Macromedia Flash MX 2004 Tutorial – Part 2

Macromedia Flash MX 2004 Part 2: Section 4

In this section, you will learn about:

  • Publishing Flash for web use
  • Evaluating download performance
  • Flash and HTML
  • Publishing Flash movies for CD-ROMs

Publishing Your Movie

Publishing Flash for Web Use

While you can use the Export Movie command in the File menu to quickly export your finished Flash file as an SWF file, the Publish command creates all the necessary components for publishing your final SWF file for the medium you need. For example, when publishing for the Web, Flash creates the HTML pages needed to contain your movie. These settings are defined in the Publish Settings dialog: From the File menu, select Publish Settings, or click on a blank area of the document and, in the Property Inspector, click the Settings button.

The first tab of the dialog, Formats, lets you select the medium for which you’re publishing:

The selections you make here determine the availability of other tabs in the dialog. For example, if you select QuickTime, the QuickTime tab appears, which lets you enter playback settings for a QuickTime Flash movie:

If you’re publishing your movie for Web use, you want to select at least the first two options: Flash and HTML. Flash produces the SWF file that will be displayed in the HTML pages produced when you select HTML. The HTML pages already contain the code needed to display the movie.

To change the location where your files will be saved, click on the folder icon next to each of the selected formats. This opens a destination dialog, which you can use to navigate to the folder where you want to keep your final files.

Next, select each of the tabs in the dialog to define the settings for the formats you chose.

Most of the Flash settings are self-explanatory. By default, Flash Player 7 and ActionScript 2—the latest versions—are selected.

The load order determines in what order the layers for the first frame are loaded into the Player—from the bottom-most layer up or from the top-most layer down. If the ActionScipt in your movie uses the 2.0 version, select this option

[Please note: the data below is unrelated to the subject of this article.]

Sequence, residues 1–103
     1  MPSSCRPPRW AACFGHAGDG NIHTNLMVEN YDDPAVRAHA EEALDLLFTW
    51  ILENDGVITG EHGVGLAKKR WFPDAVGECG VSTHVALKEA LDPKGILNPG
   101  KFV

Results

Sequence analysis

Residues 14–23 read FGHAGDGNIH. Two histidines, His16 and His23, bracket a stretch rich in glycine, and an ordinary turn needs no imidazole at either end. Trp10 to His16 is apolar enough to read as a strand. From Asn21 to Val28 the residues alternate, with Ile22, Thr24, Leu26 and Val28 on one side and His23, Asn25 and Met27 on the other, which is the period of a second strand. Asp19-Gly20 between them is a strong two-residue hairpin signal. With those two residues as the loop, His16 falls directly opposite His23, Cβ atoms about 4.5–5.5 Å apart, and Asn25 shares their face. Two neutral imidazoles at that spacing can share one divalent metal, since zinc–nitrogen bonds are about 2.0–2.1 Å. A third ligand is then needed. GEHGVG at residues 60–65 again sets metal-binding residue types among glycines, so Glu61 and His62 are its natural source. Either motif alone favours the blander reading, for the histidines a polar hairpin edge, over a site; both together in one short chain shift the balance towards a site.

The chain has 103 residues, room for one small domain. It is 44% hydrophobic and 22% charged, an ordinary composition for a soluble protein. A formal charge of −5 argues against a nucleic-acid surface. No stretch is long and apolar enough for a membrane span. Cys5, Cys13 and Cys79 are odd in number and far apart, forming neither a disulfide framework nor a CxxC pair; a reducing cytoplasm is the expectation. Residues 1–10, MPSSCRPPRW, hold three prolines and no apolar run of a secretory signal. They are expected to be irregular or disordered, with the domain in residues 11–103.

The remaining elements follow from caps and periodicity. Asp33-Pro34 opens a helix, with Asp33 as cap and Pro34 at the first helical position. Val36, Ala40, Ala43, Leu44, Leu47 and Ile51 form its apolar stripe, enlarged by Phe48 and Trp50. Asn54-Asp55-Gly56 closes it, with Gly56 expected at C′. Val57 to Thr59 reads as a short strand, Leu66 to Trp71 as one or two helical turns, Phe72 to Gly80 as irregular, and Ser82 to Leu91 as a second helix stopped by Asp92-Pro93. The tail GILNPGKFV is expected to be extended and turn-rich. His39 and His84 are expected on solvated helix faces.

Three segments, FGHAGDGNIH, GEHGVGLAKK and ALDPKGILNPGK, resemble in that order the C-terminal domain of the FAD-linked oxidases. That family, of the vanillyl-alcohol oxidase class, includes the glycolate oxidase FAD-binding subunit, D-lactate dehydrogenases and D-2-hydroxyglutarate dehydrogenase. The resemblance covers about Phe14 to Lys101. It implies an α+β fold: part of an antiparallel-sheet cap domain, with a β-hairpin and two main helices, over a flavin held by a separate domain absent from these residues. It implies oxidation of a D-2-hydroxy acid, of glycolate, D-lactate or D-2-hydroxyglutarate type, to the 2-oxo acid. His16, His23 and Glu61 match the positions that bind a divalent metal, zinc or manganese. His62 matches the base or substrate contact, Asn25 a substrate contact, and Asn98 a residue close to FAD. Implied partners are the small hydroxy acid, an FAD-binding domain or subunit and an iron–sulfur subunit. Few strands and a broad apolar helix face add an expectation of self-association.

. Otherwise, select ActionScript 1.0. If you used ActionScript 2.0, but need to compile the movie for Flash Player 6, Flash can do this—simply select the version 6 player from the Version menu.

The HTML tab lets you specify an HTML template to use with your Flash movie. The templates included with Flash contain tags specific for different uses and different types of Flash content:

  • Flash for Pocket PC 2003 creates an HTML page that can display a Flash movie in Pocket IE, as well as in the desktop versions of IE and Netscape. Keep in mind that users of the Pocket PC are still limited to Flash Player 6.
  • Flash HTTPS is for use on secure Web sites.
  • Flash Only creates a basic HTML page with the tags that embed the Flash movie. It doesn’t include plug-in detection.
  • Flash with AICC Tracking is for movies created using components from the Learning Interactions Library and that need to comply with AICC training guidelines.
  • Flash with FSCommand should be selected if you’ve included the fscommand() action in your movie to communicate with JavaScript in your HTML pages.
  • Flash with Named Anchors should be selected if you’ve included named anchors in your Main Timeline.
  • Flash with SCORM Tracking is for movies created using components from the Learning Interactions Library and that need to comply with SCORM training guidelines.
  • Image Map creates an image map from a frame in the Flash document.
  • QuickTime creates an HTML page with the tags needed to display QuickTime Flash movies. If you’re publishing a QuickTime Flash movie, you should decide which QuickTime players are most likely to be in use and then, on the Flash tab, select the version of Flash that those players support.

Under the Template menu, you can select Detect Flash Version to include HTML code to detect the version of the user’s Flash Player and direct him or her, if necessary, to a Macromedia download site.

The other settings on the HTML tab let you specify playback and quality, as well as how the movie will be displayed in the browser window. After the movie is published, you can open the HTML pages that were created in Notepad or a similar text editor and adjust the code as necessary to fine-tune the display.

To export the final files, click the Publish button. Otherwise, click OK to save your settings and return to the Flash document.

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